France fines Amazon $4.4 million over marketplace clauses

The logo of Amazon is seen at their new warehouse during its opening announcement on the outskirts of Mexico City, Mexico July 30, 2019. (Reuters)
Updated 05 September 2019

France fines Amazon $4.4 million over marketplace clauses

  • Online marketplaces like Amazon have been a boon for small and midsize French firms, in particular for finding new export markets

PARIS: A French court has fined the US retailing giant Amazon $4.4 million (€4 million) over terms of use deemed unfair for companies using its online marketplace to sell their goods.
“It’s a record fine” for a suit involving abusive commercial clauses, Loic Tanguy, a director at the DGCCRF, France’s consumer and anti-fraud watchdog, told AFP on Wednesday.
The agency filed its lawsuit in 2017 after a two-year investigation into third-party vendor platforms, which found several clauses potentially unfair to the 10,000 small and midsize French companies selling on Amazon.
They gave Amazon the power to modify contracts at a moment’s notice, demand shorter delivery times or block deliveries while demanding additional corporate information from vendors.
Tanguy said Amazon was the only online vendor who refused to modify its terms of use after the investigation.
Despite the obvious advantages for companies using Amazon, Tanguy said, the “asymmetrical balance of power” must not force vendors to accept unfair terms of use.
In its ruling, first reported by a French online news site Tuesday, the court found the contested clauses “manifestly unbalanced” and ordered Amazon to change them within six months.
It said Amazon’s marketplace generated around 60 percent of the company’s five billion euros of Amazon’s total French sales.
“The court ruled on a limited number of clauses, most of which were already updated earlier this year,” Amazon France told AFP late Tuesday.
Online marketplaces like Amazon have been a boon for small and midsize French firms, in particular for finding new export markets, with their total foreign sales rising to 350 million euros last year, according to the DGCCRF.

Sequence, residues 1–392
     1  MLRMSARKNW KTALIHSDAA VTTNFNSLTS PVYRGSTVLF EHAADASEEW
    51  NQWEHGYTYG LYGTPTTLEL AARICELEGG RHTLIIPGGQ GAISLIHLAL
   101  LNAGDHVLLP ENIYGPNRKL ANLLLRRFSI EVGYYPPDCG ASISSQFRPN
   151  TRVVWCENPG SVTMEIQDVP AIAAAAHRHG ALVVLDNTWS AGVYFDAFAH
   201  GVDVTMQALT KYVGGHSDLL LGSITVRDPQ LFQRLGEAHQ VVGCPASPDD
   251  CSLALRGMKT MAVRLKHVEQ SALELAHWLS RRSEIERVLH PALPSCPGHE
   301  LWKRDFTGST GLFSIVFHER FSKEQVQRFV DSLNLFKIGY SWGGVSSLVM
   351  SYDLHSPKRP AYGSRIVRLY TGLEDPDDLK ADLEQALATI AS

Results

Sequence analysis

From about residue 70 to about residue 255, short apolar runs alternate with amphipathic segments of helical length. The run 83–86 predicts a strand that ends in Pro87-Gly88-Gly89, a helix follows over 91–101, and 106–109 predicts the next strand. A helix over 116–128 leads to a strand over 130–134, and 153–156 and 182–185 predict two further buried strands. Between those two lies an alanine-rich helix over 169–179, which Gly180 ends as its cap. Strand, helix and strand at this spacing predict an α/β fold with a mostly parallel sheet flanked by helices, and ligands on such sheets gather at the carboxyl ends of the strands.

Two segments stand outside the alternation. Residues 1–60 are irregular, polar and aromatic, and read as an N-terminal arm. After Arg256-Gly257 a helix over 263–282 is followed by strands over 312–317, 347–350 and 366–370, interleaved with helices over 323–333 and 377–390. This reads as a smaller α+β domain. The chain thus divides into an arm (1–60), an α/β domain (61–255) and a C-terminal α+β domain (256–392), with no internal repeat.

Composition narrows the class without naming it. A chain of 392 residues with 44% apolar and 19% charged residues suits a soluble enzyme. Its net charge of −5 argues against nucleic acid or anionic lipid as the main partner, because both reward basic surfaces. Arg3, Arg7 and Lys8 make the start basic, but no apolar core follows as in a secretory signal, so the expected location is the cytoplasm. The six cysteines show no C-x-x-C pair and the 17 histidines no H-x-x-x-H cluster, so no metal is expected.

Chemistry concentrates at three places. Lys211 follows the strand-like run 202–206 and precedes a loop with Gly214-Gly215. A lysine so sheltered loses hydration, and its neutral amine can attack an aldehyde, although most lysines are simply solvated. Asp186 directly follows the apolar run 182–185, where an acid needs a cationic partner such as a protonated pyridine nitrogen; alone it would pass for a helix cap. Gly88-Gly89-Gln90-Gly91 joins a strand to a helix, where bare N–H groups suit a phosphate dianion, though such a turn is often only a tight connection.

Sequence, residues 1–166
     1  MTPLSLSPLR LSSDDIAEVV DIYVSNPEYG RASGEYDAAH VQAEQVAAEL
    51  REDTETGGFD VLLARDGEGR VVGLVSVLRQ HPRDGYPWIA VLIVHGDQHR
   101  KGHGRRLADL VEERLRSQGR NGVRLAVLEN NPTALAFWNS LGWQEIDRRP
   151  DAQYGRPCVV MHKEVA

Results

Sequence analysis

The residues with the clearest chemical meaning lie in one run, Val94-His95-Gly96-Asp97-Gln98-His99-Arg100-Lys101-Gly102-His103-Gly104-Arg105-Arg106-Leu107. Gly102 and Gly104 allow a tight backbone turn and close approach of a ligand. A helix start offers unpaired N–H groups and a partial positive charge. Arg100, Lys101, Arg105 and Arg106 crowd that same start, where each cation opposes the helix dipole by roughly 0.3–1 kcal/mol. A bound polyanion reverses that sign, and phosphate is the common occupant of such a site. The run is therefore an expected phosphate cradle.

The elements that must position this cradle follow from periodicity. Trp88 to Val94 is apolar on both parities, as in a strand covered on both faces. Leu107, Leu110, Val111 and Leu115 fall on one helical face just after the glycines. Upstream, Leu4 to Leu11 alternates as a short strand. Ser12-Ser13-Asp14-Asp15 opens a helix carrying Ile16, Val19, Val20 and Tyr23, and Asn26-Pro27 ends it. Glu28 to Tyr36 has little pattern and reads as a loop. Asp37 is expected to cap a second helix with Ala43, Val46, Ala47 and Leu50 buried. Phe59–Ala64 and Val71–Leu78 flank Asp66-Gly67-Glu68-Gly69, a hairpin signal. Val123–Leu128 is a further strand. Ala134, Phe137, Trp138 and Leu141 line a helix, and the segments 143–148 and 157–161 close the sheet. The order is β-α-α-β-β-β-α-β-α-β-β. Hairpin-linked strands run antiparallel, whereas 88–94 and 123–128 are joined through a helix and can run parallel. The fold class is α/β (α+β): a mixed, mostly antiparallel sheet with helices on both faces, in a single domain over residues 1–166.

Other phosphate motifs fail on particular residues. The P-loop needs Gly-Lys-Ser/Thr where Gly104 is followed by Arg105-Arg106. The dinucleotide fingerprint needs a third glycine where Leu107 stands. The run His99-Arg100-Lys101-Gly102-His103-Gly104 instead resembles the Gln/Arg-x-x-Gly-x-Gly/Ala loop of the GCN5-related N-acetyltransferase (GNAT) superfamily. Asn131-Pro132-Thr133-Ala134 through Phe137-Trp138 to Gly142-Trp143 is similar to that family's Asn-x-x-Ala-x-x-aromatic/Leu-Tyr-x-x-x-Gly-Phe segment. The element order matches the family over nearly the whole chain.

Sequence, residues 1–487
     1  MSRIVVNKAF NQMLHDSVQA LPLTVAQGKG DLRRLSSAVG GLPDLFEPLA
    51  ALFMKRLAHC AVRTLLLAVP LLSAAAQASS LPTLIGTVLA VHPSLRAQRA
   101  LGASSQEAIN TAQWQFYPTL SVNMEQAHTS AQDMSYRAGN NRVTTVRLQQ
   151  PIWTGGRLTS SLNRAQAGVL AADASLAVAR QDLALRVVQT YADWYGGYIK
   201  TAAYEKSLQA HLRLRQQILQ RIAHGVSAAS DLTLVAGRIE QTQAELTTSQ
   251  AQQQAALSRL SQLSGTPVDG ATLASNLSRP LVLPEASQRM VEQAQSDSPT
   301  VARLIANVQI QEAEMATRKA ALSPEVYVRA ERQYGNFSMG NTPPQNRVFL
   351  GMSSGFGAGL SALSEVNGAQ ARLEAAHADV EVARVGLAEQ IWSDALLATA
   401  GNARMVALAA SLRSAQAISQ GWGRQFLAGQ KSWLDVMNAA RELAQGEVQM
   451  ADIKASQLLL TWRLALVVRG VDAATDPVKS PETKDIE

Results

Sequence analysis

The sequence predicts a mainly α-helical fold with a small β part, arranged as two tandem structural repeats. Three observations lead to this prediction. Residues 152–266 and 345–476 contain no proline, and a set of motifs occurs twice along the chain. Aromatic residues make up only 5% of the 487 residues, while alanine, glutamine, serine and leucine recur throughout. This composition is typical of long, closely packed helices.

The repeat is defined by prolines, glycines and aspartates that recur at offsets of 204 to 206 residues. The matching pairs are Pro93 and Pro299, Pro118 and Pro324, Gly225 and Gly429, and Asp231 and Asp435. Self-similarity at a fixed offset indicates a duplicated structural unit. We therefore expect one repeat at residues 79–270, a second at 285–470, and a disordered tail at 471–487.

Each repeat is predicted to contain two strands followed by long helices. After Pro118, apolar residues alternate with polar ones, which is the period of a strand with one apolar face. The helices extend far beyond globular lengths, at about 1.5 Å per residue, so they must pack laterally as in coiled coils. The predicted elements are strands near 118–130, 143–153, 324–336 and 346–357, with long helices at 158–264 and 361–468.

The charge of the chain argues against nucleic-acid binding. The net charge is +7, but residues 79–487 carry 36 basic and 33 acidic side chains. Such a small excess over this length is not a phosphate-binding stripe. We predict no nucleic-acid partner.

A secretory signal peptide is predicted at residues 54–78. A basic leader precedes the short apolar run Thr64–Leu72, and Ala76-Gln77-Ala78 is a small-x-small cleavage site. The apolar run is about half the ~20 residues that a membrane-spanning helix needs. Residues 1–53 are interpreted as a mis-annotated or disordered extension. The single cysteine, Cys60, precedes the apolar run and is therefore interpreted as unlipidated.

“The development of the digital economy is a tremendous opportunity, as long as the big marketplaces respect competition and consumer protection rules,” Finance Minister Bruno Le Maire said Wednesday on Twitter.


Fear of food shortages after Beirut explosion hits grain reserves

Updated 06 August 2020

Fear of food shortages after Beirut explosion hits grain reserves

  • Beirut port silos had capacity for 120,000 tons

BEIRUT: Lebanon’s main grain silo at Beirut port was destroyed in a blast, leaving the nation with less than a month’s reserves of grain but enough flour to avoid a crisis, the economy minister said on Wednesday.

Raoul Nehme told Reuters a day after Tuesday’s devastating explosion that Lebanon needed reserves for at least three months to ensure food security and was looking at other storage areas.

The explosion was the most powerful ever to rip through Beirut, a city torn apart by civil war three decades ago. The economy was already in meltdown before the blast, slowing grain imports as the nation struggled to find hard currency for purchases.

“There is no bread or flour crisis,” the minister said. “We have enough inventory and boats on their way to cover the needs of Lebanon on the long term.”

He said grain reserves in Lebanon’s remaining silos stood at “a bit less than a month,” but said the destroyed silos had only held 15,000 tons of the grain at the time, much less than capacity which one official put at 120,000 tons.

Beirut’s port district was a mangled wreck, disabling the main entry point for imports to feed a nation of more than 6 million people.

Ahmed Tamer, the director of Tripoli port, Lebanon’s second biggest facility, said his port did not have grain storage but cargoes could be taken to warehouses 2 km (about one mile) away.

Alongside Tripoli, the ports of Saida, Selaata and Jiyeh were also equipped to handle grain, the economy minister said.

“We fear there will be a huge supply chain problem, unless there is an international consensus to save us,” said Hani Bohsali, head of the importers’ syndicate.

UN agencies are meeting on Wednesday to coordinate relief efforts for Beirut, Tamara Al-Rifai, a spokeswoman for the Palestinian refugee agency UNRWA, said from Amman. “People are extremely poor, it’s increasingly difficult for anyone to buy food, and the fact that Beirut is the largest port in Lebanon makes it a very bad situation,” she said.

“We are looking at Tripoli, but it is a much smaller port.”

Reserves of flour were sufficient to cover market needs for a month and a half and there were four ships carrying 28,000 tons of wheat heading to Lebanon, Ahmed Hattit, head of the wheat importers union, told Al-Akhbar newspaper.

Lebanon is trying to transfer immediately four vessels carrying 25,000 tons of flour to the port in Tripoli, one official told LBCI news channel.